BANGKOK – If you were to ask the people of Bangkok what problems they most earnestly want the city to solve, most respondents would point to nagging issues like traffic congestion, flash floods and the need to preserve more green space.
But what about concerns linked to the capital’s fast-ageing society? Few people pay much attention to them or think they apply to them.
Despite the lukewarm interest, a fast-greying society is a huge concern as it means more people will be leaving the workforce with fewer replacing them to help prop up their social welfare and other costs.
The question is how long will these people be able to survive, and what can state agencies do to ensure they enjoy a decent life?
The Bangkok Post spoke recently with Thaweesak Lertprapan, a deputy Bangkok governor in charge of promoting a more healthy society, to find out what the Bangkok Metropolitan Administration (BMA) plans to do to keep its elderly citizens happy and healthy.
How does City Hall view the problems associated with an ageing society?
First of all, I have to say that we already are an aging society, especially in Bangkok. And from the experience of other capital cities that are now dealing with a greying society, a larger city tends to have a more serious version of those problems.
One reason is that we have changed from being a society dominated by extended families to one that is more isolated and built around the nuclear family. Rising living costs make it harder for many people to cope with the additional costs of raising a child, which is believed to be a factor in the steady drop in the birthrate in the capital since 2012.
Bangkok recorded about 800,000 births in 2012, 780,000 in 2013, 770,000 in 2014, 730,000 in 2015 and 704,000 in 2016.
Meanwhile, the elderly demographic continues to rise because people are tending to live longer thanks to scientific developments, a better diet, and more health-conscious habits.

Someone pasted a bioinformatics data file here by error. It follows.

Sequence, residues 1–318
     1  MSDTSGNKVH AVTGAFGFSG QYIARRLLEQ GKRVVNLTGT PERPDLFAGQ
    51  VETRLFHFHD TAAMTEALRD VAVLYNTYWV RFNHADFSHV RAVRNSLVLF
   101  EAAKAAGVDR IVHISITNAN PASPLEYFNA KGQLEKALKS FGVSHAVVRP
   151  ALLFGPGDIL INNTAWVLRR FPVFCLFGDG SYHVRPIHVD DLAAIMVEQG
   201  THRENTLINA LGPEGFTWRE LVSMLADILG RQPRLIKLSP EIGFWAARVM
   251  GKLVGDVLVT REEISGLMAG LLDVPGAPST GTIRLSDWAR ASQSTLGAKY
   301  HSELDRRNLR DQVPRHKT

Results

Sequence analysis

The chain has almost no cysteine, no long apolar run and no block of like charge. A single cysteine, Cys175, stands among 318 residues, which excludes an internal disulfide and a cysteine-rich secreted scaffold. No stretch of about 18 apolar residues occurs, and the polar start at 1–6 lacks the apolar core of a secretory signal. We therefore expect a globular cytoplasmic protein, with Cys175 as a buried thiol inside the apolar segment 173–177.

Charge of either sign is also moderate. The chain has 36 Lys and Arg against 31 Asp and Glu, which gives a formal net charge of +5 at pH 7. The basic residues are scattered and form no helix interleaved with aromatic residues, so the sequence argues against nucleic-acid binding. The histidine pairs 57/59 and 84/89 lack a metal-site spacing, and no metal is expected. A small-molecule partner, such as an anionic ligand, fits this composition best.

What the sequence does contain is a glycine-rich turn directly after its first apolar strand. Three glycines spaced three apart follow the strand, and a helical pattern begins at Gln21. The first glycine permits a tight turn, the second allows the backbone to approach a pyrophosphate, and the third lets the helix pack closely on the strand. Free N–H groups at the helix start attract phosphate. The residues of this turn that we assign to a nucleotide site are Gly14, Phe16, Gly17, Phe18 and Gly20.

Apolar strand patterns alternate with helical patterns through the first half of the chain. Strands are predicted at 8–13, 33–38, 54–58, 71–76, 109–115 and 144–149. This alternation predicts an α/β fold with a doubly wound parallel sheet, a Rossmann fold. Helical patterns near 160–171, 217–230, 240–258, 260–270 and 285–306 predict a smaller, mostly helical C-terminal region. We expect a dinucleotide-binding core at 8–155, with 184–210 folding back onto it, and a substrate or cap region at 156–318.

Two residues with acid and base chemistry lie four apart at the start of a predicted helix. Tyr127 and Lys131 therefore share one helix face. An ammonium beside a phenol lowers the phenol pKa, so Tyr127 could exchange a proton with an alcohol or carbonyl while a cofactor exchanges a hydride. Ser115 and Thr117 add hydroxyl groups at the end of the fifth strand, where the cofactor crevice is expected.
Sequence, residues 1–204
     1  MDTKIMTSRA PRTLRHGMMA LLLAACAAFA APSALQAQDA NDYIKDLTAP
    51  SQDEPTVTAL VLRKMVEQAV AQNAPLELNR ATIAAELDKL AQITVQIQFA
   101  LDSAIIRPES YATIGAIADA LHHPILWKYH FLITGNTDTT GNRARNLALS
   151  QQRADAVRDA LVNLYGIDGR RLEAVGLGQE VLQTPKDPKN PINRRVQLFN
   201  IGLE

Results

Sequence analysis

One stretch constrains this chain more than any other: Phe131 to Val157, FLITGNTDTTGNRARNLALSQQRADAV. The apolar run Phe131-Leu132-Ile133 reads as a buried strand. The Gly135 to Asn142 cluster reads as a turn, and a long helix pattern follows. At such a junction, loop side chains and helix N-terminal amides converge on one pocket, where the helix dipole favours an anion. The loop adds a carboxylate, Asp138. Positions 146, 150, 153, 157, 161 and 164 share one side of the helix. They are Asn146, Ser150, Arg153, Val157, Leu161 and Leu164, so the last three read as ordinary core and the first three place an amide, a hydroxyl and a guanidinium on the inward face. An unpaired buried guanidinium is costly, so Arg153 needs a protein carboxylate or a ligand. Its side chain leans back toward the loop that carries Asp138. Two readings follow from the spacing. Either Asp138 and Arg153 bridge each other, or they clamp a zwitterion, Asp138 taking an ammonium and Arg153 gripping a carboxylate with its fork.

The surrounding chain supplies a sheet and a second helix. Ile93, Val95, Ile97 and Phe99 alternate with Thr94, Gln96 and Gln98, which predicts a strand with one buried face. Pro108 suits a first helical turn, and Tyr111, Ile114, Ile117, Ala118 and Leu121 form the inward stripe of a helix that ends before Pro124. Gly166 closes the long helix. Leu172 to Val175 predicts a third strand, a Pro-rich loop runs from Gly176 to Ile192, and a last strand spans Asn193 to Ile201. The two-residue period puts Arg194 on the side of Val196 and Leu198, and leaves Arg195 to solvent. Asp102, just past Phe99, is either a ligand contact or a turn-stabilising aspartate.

But one of the main problems facing old people remains access to health care, which is too low. Many elderly people have become bedridden patients and their children do not have enough money to cover the costs of transporting them between home and hospital often. It is sad but true to say that some don’t even have children to care for them.
Imagine if the birth rate continues to fall and people live longer and longer. That would soon make the elderly demographic the predominant one nationwide. At present, 16% of Bangkok’s registered 10 million people are aged 60 or over — and this doesn’t even take into account the unregistered population, which is believed to be 50% as big.
It’s estimated that in the next eight years, three in 10 people will be ranked as elderly, which totally fits the definition of a fully fledged ageing society.
So, how is the city preparing to deal with that?
One project that is already under way is aimed at making life more convenient for elderly people when they visit hospitals under the BMA’s supervision. They are given priority in booking appointments by phone ahead of their visit. There are currently nine such hospitals where elderly patients are guaranteed they will not have to wait for more than an hour to see a doctor.